PURPOSE: A systematic review of randomized controlled trials (RCTs) was performed to assess the benefits of bisphosphonate therapy in men with hormone-refractory prostate cancer (HRPC).
METHODS: The literature was searched to identify RCTs or meta-analyses comparing treatment with bisphosphonates to placebo or no treatment.
RESULTS: Ten trials that studied clodronate (five trials, 404 patients), pamidronate (two trials, 350 patients), alendronate (one trial, 49 patients), etidronate (one trial, 51 patients), and zoledronic acid (one trial, 643 patients) in men with HRPC and bone metastases met the eligibility criteria. Pain response was the most frequently reported primary outcome (eight trials). Only the smallest trial demonstrated a statistically significant improvement in pain, but other non-statistically significant trends and subgroup analyses showing improvement in pain were observed in six clodronate and pamidronate trials. Three trials reported skeletal-related events (SREs). A trial studying zoledronic acid reported a statistically and clinically significant reduction in the number of patients having at least one SRE; however, there were higher rates of some adverse effects, and quality of life was not improved.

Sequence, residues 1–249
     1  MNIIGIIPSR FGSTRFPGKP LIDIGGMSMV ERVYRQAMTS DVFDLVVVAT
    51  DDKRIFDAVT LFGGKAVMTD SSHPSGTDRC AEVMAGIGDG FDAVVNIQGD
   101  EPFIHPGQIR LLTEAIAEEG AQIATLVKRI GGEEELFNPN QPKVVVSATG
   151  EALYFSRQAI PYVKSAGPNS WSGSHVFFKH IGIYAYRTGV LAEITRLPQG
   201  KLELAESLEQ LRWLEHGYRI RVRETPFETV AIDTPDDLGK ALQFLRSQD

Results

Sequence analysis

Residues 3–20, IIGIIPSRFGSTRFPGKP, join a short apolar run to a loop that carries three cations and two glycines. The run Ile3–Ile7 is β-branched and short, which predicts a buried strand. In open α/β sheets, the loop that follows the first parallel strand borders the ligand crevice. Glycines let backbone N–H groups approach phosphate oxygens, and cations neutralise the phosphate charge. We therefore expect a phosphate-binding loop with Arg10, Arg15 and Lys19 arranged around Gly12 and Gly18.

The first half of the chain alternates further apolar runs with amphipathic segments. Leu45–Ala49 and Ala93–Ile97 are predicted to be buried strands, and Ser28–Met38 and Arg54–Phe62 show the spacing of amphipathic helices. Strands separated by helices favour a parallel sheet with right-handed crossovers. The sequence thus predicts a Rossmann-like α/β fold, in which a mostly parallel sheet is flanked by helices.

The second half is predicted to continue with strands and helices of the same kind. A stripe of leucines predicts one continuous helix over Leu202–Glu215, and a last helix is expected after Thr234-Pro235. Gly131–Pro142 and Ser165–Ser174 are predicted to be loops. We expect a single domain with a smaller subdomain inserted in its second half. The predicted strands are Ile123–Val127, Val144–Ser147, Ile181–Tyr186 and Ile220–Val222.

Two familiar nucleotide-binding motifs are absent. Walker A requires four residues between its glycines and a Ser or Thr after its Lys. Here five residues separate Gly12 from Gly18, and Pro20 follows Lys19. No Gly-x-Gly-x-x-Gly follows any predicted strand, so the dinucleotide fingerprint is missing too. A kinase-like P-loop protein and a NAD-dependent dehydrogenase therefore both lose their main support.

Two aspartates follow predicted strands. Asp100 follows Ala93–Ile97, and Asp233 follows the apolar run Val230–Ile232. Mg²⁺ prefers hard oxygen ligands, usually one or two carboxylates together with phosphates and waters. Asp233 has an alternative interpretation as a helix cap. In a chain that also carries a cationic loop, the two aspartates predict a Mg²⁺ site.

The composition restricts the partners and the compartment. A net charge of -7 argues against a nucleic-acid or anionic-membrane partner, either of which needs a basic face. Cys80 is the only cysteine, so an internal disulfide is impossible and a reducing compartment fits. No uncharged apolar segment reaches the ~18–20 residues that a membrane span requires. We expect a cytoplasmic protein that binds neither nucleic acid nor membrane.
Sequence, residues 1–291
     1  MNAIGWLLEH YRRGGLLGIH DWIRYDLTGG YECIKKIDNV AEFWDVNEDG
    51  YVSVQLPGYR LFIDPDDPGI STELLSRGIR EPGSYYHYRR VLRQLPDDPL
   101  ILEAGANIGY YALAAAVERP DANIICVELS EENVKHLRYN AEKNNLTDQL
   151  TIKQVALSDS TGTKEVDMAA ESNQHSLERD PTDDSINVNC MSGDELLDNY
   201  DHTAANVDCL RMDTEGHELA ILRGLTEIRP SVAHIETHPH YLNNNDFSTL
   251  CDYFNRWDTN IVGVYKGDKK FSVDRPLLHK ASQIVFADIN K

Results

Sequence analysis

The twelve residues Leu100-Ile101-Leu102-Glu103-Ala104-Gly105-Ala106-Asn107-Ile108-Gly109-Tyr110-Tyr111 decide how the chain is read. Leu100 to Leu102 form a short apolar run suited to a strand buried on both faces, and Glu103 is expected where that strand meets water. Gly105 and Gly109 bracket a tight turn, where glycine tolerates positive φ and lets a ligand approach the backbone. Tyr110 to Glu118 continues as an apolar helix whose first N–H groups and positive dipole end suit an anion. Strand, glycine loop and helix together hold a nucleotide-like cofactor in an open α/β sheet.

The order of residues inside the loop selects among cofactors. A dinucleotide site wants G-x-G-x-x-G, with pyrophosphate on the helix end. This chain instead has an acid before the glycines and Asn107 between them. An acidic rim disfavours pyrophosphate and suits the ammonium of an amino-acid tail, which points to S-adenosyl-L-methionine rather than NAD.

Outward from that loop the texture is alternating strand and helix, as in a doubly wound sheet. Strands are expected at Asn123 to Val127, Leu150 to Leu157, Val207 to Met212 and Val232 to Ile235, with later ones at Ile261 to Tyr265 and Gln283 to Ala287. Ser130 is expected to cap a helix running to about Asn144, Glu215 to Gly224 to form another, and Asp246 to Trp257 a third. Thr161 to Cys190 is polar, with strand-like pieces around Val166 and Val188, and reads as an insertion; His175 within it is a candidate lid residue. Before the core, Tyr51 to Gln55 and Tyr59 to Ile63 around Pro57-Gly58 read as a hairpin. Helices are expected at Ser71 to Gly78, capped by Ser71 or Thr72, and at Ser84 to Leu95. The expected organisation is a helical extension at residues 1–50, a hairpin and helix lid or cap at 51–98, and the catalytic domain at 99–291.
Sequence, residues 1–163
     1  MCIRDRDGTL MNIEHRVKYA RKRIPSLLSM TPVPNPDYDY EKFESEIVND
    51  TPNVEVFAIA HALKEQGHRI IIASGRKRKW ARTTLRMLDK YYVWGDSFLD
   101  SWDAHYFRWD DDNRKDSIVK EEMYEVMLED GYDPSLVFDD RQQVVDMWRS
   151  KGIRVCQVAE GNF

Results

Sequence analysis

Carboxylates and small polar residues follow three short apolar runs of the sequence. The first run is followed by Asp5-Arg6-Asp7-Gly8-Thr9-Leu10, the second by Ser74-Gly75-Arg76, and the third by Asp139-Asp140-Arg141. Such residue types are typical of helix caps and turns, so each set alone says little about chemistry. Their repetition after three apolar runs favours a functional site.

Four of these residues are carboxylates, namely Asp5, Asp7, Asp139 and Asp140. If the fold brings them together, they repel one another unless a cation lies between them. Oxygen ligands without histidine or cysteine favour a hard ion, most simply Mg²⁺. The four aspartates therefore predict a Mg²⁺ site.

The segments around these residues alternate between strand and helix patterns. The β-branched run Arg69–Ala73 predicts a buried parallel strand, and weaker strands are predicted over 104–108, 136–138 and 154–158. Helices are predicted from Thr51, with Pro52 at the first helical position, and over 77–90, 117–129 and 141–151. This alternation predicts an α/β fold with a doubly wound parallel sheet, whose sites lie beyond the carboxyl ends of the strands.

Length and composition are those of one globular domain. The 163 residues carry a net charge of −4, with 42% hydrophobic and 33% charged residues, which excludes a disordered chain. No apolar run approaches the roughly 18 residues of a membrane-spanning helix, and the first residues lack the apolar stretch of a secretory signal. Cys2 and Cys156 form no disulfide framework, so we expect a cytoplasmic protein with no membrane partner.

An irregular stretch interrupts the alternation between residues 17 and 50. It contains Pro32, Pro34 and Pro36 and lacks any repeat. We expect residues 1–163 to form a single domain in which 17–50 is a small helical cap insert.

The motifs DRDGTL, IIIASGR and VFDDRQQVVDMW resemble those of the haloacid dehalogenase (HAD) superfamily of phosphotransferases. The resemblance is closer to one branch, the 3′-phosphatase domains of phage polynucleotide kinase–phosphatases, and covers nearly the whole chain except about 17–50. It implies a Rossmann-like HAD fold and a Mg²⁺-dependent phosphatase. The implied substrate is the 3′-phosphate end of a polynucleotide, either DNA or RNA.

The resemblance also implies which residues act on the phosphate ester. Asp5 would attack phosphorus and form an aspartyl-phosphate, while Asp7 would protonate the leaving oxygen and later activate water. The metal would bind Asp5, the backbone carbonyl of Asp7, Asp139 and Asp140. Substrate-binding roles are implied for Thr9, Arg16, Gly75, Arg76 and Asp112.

CONCLUSION: Zoledronic acid appears to reduce the number of patients having at least one SRE in men with bone metastases from HRPC that are causing minimal or no pain. This benefit should be weighed against the associated toxicities, and the neutral effect on quality of life. Bisphosphonates may reduce bone pain in men with HRPC, but the evidence is less robust. Further investigations to identify the role of bisphosphonates alone and in combination with other therapies proven effective for men with HRPC are warranted.